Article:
Difference Between Civil and Criminal Court

Civil vs Criminal Court
 

Identifying the difference between Civil and Criminal Court is fairly simple. Although we encounter these terms in our day-to-day lives, many of us are not certain as to the precise function of each court. Legal disputes and cases are frequently heard in courts today, but knowing with certainty the type of cases that fall within the jurisdiction of a Civil Court or Criminal Court requires some understanding. In general, many of us are aware of the difference between a civil wrong and a crime. Therefore, think of a Civil Court and Criminal Court as courts that hear and adjudicate a civil wrong and crime respectively.

What is Civil Court?

A Civil Court typically deals with a civil dispute. Thus, a case involving a dispute or issue between individuals or corporations will fall within the jurisdiction of a Civil Court. Simply put, a Civil Court deals with cases of a non-criminal nature. Disputes relating to family such as divorce or adoption cases, property disputes such as those between landlord and tenant, or disputes relating to debt, personal injury, contracts and agreements are heard and determined in a Civil Court.

Difference Between Civil and Criminal Court - Civil Court Image

Queens civil court in Jamaica

A case in a Civil Court typically commences when one party files action against another party in relation to some dispute and seeks monetary or some other type of relief. In such an instance, the parties must prove their case by a “preponderance of evidence” or on a “balance of probabilities”. This means that the Court must be convinced that one party’s case is stronger than the other. Monetary relief entails the payment of cash or a fine. In cases of divorce, the Court’s final judgment may result in a change in the parties’ civil status. Other types of relief include the return of property or an order to do or not to do some act. Keep in mind that,in a Civil Court, the defendant does not go to jail or serve a prison sentence. For example, where a company has not performed its obligations as per the terms of a contract and the other party sues the company, then in the event the party filing the case succeeds, the company will have to provide the relief claimed by the plaintiff.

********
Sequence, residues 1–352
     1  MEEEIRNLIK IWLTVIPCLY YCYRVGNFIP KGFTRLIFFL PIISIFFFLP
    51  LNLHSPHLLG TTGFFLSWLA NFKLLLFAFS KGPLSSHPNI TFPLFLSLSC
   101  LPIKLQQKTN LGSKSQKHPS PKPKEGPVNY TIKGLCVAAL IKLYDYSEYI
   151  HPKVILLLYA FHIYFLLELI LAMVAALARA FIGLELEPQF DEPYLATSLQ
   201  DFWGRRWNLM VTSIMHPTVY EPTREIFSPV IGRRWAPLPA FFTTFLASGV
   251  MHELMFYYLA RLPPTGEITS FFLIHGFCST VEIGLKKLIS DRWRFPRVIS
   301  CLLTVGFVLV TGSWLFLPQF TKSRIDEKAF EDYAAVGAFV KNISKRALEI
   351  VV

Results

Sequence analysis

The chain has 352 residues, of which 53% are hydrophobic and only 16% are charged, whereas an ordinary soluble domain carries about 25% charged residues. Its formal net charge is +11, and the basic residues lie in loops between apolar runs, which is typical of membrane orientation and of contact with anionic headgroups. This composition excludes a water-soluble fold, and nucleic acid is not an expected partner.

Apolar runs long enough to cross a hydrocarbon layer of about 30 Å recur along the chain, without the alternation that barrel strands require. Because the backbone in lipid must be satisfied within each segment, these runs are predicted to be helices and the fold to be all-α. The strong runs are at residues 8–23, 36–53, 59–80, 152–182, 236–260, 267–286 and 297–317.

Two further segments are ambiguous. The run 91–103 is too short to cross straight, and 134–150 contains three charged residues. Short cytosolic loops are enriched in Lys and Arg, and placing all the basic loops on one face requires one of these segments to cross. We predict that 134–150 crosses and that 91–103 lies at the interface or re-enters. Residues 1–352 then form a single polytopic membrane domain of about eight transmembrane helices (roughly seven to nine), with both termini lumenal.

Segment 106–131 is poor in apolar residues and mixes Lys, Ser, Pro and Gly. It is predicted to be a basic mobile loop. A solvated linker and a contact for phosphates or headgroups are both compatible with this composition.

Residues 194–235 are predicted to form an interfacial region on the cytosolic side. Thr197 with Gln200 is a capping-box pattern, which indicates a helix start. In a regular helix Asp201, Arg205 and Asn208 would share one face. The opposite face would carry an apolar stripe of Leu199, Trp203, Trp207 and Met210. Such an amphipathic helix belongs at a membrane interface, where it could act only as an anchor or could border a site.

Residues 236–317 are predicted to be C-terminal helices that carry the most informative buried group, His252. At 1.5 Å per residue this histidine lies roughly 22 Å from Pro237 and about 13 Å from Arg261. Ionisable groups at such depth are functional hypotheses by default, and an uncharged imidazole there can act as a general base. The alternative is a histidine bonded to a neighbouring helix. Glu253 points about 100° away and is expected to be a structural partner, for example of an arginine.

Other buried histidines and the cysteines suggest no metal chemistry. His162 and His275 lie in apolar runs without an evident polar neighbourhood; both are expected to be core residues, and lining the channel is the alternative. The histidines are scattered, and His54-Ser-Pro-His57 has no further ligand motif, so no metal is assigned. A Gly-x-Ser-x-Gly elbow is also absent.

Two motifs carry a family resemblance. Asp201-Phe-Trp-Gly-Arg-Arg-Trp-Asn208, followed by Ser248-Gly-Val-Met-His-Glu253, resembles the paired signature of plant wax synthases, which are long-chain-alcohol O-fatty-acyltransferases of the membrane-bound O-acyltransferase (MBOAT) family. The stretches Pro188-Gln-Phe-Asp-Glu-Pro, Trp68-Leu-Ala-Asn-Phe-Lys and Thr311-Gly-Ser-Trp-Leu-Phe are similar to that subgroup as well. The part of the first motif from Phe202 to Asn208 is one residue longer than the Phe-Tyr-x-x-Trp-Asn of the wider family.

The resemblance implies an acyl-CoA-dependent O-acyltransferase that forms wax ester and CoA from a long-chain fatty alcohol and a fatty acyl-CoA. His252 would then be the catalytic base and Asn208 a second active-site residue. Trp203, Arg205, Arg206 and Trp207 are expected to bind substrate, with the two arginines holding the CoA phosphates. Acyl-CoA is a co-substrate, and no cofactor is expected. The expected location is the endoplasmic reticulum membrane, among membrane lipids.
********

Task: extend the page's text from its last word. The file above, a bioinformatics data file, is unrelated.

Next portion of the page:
What is a Criminal Court?

The function of a Criminal Court is relatively straightforward. Simply put, it deals with cases concerning crimes or actions that violate the Criminal Law of a country. The procedure and function of a Criminal Court differ from that of a Civil Court. The ultimate objective of a Criminal Court is to hear the case before it and determine if indeed the defendant is guilty of committing the crime. If convicted, the Court will impose punishment on the defendant by way of a prison sentence, payment of a fine or a combination of both.

Difference Between Civil and Criminal Court - Criminal Court Image

International Criminal Court

Typically, a criminal case is initiated by the government, also known as the prosecution. The burden is on the prosecution to prove beyond reasonable doubt that the defendant committed the crime. A trial in a Criminal Court will typically include the presence of a jury and the verdict of the jury must be unanimous. Therefore, a Criminal Court has jurisdiction to hear cases involving the violation of criminal law or laws stipulating certain crimes. Crimes such as murder, arson, robbery, rape or burglary are heard and tried in a Criminal Court.

What is the difference between Civil and Criminal Court?

• A Civil Court hears cases pertaining to disputes between individuals or corporations. It does not hear and determine cases relating to crimes.

• A Criminal Court refers to a court in which criminal cases are tried and adjudicated.

• In the case of a Civil Court, if the plaintiff succeeds in proving his/her case, then the defendant will be liable to provide relief of a monetary or other nature.

• In contrast, a Criminal Court will sentence a defendant to prison if convicted.

 

Images Courtesy:

  1. Queens civil court in Jamaica by Youngking11 (CC BY-SA 3.0)
  2. International Criminal Court by Loranchet (CC BY-SA 3.0)